Over the past few days I've been nearly sick, not over the media's response to the Trump video, but over the response of the people and clergymen. Please know, this is not judgement of your vote. It's not about your vote at all. This is a request to understand what minimizing the effects and seriousness of this language is saying to our kids and teens who are acclimating to their national culture right now. They are soaking up our culture like sponges. Even if they have moral or religious guidance that tells them otherwise, the boys are finding out: This is what is allowed. This is what is expected of men. While the girls find out: This is the way it is. This is what I have to tolerate.
There are so many layers to why we accept abuse and engage either actively or silently in rape culture. On the external layer we may believe it could never be us. We might believe our daughter is so confident and feisty that it could never be her, or that our son knows better than to disrespect women. But what we learn from the many layers of culture in our lives is strong. If you are not careful about how you talk about this in front of your children (grandchildren, students, friends) you could easily reinforce rape culture ideology into their brains without ever intending to do so.
Boys will be boys.
That's just the way men are.
She should get a longer dress.
Power means getting to do whatever you want.
Men just need sex.
They can't control themselves.
These things happen.
It's just locker room talk.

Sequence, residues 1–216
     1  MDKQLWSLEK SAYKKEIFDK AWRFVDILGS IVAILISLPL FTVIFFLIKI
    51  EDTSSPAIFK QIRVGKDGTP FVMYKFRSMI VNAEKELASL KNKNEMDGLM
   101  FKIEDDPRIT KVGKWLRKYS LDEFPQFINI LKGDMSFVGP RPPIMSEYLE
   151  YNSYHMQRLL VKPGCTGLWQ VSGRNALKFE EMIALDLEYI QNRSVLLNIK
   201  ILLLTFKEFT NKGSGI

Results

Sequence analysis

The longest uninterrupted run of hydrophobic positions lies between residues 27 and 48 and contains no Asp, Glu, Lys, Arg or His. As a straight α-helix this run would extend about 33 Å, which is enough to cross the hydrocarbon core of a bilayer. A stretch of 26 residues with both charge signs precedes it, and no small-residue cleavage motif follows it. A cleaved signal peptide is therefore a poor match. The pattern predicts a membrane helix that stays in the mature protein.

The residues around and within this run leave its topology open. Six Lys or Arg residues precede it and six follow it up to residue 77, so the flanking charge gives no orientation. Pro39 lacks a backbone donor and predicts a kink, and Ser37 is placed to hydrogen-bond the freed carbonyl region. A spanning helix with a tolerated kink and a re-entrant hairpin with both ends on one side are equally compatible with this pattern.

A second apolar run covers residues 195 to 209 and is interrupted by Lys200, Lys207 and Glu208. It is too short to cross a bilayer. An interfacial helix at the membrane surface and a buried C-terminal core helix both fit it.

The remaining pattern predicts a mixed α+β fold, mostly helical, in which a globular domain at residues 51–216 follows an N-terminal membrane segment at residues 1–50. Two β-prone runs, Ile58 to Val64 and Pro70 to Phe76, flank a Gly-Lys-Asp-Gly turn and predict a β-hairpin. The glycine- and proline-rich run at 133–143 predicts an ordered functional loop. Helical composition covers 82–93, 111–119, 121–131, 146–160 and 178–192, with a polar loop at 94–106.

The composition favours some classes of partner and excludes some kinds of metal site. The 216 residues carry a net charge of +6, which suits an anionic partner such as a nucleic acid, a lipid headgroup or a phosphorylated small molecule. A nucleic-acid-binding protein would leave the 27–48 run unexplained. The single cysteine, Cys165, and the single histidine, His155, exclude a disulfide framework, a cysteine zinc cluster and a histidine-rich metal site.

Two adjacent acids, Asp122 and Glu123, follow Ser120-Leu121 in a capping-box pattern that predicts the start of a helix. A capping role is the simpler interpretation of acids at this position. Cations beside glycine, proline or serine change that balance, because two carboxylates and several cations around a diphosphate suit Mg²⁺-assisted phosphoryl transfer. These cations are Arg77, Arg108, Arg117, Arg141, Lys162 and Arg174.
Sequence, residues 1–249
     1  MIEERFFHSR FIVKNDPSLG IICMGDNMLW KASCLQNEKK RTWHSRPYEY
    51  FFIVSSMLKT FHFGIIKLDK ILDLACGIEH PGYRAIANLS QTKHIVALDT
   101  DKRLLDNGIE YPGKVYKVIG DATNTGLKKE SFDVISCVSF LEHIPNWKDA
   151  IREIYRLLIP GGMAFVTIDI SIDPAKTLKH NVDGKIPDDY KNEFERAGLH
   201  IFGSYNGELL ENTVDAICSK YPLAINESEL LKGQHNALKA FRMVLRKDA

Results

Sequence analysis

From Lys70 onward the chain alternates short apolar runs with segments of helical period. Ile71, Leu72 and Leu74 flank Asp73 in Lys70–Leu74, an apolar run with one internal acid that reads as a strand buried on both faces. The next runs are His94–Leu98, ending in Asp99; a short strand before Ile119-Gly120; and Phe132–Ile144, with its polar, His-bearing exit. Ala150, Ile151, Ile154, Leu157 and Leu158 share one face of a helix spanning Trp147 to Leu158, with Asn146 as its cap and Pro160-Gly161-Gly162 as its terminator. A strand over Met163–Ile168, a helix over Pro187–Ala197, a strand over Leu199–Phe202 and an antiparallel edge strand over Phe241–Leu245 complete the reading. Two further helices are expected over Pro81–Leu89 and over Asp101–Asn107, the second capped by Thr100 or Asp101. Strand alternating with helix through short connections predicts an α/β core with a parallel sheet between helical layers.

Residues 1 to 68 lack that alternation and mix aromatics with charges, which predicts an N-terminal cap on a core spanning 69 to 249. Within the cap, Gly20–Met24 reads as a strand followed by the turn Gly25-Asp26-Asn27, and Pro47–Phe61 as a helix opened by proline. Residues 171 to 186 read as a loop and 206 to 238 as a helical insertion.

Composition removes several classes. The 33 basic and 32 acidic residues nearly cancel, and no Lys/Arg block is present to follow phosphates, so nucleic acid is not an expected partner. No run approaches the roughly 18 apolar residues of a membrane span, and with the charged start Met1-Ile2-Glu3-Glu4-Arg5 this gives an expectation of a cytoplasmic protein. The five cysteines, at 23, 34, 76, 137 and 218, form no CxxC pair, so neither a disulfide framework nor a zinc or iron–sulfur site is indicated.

Men are dogs.
She was asking for it.
He was just being a guy.
And on and on and on. . .
We have to be intentional about unraveling these lies. These lies and the ideas they promote form the bedrock of abuse and inequality. They really are that important. Words matter.
So does action.
We have to be intentional about teaching our children how to respect each other, love each other, and care for themselves. We have to be intentional about how we explain our vote to our children. We have to be intentional about saying, "That behavior and language is wrong." No buts. No excuses. No minimizing poor behavior by pointing at someone else and saying, "Well, they are worse." No hierarchy of worth based on other people's shame. If we do not teach our children to be intentional about gender relations, culture will teach them to play along -- to follow the rules of dominance and subservience. Kids everywhere are getting a crash course in the way things are right now.
I will not accept things the way they are. I will work to consciously change things for myself and my children.
My vote is not going to make that difference this year. No vote ever could. But, my words, actions, and ongoing commitment to my core beliefs will.
We are all equal. We are all worth the effort it takes to treat each other as such.
There is no caveat in the Golden Rule that makes exceptions for gender differences, or any other differences for that matter.
Let's rise together.
Anna Turner is the woman behind Little Hearth. She's an ordained interfaith minister, a writer, a believer in purposeful living and healing, a perpetual student, and a full time feminist mother.